The Internet of Things certainly has potential – and for some applications it’s even currently performing. Smart farming is one of those fields (pun intended), where always-connected sensors can do better at crop monitoring than any human ever could. Watching moisture levels and other soil metrics is a perfect assignment for low-powered microcontrollers scattered throughout amber waves of grain.
Building a Smart Farm with Arduino, Twilio and Helium
Here in the Bay Area, lot sizes are measured in square footage not acreage – so excuse my diversion into hyperbole. At my house, I have a couple of 3’x6.5’ planter boxes where we grow herbs and root vegetables. Today, we’ll wire up a planter box and build an agricultural monitor using Twilio’s Programmable Wireless and SMS, along with a Helium Element Gateway, Helium Atom Prototyping Module and an Arduino Uno.
On the accessories side, we’ll be using a DFRobot Capacitive Soil Sensor for the moisture readings. You’ll also need some male-to-male jumper wires. Although not required, breadboards and a multimeter can help debug any sticky issues during the build.
Finally, on the software side, either download (or open) a copy of the Atom text editor and the Platformio plug-in. If you haven’t used Atom before and would like additional help getting started, read Helium’s post on getting started with Atom, Platformio, and Helium.
Sign Up For – or Sign Into – a Twilio Account
For this project, Twilio will be pulling triple duty. Programmable Wireless will keep your device connected, the serverless Twilio Functions will host logic, and Programmable SMS will deliver those oh-so-important dryness warnings. Either sign up for a Twilio account or log in to your existing account.
Purchase a Twilio Number
When your crops need watering, you’ll use a number purchased through Twilio to deliver that important message via SMS. Navigate to the Phone Numbers in Console.
When searching, make sure you click the ‘SMS’ box for capabilities.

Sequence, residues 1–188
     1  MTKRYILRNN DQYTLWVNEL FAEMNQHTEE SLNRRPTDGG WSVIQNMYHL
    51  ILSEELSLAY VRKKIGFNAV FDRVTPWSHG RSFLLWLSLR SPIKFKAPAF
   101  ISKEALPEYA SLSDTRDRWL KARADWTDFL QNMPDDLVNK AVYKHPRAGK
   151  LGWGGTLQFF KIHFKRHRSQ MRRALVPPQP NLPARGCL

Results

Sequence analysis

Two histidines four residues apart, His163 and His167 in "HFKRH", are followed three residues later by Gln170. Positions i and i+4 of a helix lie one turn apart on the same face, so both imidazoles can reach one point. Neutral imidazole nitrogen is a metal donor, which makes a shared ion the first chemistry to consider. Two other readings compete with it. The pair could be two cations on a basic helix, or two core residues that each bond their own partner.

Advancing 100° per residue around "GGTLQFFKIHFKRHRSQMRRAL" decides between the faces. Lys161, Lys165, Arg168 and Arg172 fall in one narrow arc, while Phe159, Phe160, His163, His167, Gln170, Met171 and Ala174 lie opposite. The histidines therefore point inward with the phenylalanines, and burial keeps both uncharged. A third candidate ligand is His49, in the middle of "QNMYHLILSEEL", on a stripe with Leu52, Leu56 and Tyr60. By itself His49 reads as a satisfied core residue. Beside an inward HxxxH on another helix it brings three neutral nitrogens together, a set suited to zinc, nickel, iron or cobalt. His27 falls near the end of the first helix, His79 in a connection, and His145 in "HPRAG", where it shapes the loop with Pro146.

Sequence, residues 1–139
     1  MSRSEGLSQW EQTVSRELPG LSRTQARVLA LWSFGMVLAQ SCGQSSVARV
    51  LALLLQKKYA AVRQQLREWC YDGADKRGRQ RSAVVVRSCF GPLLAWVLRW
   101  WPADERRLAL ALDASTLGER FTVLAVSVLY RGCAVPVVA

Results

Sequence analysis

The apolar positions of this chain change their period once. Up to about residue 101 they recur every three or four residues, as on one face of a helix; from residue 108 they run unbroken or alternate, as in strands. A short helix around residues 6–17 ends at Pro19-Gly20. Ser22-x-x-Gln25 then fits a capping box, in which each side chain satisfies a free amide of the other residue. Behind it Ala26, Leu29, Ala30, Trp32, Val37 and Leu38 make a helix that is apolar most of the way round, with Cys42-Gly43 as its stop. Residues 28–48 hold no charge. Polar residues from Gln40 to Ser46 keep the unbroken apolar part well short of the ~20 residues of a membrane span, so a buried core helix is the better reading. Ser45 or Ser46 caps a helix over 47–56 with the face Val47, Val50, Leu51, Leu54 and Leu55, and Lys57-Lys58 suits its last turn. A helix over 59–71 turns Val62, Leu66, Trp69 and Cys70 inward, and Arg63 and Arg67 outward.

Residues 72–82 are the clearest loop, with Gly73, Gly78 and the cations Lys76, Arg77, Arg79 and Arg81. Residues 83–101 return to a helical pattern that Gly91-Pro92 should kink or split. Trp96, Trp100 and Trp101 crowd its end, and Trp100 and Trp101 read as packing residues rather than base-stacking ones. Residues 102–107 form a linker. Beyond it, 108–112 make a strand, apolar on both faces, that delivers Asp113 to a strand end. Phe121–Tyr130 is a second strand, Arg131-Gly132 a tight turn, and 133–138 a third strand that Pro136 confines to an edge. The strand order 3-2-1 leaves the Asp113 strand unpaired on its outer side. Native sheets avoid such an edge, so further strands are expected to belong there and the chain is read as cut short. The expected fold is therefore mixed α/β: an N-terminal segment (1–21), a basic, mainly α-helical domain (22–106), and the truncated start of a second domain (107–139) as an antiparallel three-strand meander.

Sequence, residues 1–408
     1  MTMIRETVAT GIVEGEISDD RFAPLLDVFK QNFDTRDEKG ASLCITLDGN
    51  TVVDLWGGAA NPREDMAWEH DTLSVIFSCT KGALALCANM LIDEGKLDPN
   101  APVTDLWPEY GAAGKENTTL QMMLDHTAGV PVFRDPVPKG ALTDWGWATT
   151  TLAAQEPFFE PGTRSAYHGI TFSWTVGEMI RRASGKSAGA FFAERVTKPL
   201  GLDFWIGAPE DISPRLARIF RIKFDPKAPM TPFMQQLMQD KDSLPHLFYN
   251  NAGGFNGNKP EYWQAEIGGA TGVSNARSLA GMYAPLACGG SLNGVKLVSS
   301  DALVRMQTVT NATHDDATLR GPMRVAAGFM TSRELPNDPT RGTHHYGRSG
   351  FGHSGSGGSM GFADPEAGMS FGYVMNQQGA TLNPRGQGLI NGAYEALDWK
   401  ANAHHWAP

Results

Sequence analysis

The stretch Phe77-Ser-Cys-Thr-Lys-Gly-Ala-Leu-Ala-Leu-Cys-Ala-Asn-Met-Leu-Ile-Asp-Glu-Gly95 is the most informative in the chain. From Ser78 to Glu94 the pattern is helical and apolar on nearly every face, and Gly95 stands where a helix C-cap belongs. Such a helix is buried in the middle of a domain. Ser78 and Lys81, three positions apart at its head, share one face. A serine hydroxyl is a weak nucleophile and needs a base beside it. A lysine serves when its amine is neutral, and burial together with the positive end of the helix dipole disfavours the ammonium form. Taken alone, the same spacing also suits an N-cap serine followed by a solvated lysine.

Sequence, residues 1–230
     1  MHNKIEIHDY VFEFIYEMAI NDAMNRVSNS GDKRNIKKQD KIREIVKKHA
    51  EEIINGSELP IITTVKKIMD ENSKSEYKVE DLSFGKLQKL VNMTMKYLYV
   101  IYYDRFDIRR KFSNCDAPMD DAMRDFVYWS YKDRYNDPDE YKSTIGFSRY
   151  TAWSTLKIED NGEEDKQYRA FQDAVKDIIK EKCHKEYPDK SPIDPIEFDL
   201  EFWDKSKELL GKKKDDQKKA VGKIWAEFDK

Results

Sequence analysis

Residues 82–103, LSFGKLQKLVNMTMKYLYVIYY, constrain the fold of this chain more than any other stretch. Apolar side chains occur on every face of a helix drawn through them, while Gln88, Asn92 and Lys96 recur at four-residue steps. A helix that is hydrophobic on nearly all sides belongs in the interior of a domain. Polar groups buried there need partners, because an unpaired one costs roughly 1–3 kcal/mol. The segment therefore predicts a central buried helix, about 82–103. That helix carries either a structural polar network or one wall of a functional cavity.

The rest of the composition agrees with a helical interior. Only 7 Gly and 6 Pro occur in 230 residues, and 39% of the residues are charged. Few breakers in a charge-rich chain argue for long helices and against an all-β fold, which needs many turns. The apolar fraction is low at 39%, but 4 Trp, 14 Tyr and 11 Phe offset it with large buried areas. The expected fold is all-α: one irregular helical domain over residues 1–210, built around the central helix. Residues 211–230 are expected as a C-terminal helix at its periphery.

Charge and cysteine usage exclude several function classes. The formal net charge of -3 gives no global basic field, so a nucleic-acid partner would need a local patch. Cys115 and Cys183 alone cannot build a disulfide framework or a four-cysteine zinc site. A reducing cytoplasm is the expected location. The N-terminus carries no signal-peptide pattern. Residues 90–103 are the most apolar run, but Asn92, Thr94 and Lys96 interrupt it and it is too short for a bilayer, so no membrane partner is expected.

Remember the number or at least where to find it – you’ll need it again in the next step.
Where We’re Going, We Won’t Need Servers…
Twilio Functions is a serverless platform which we’ll utilize today to host our logic. When the Arduino makes a new reading we’ll send it to our Functions-hosted code. The code will check to see how dry the plant is and if it needs watering, send an SMS message to our phones.
Let’s walk through the next steps together:
- Head on over the the Functions Console
- Hit the red plus (‘+’) button to start creating a Function
- Select ‘Blank’ then ‘Create’ it
- Under PATH enter ‘moisture’
- Paste the contents of moisture.js into the CODE editor
- Optionally, edit the TOO_DRY variable to set the moisture percentage that will trigger a warning
- ‘Save’ the Function.
Your shiny new Function should look similar to the following if you’ve followed the steps correctly:
Setting Environment Variables in Functions
Now, visit the Configure Pane of the Functions Console.
If you haven’t created a Function before, this is the pane you’ll use to abstract configuration variables from code you enter in the Function editor pane. You can reference any variables you set here inside the code a few different ways, as detailed in our Functions environment article in the documentation. As a general aside, it’s a good practice to separate your configuration constants from your code – see more in this post on environment variables.
Set the following three environment variables: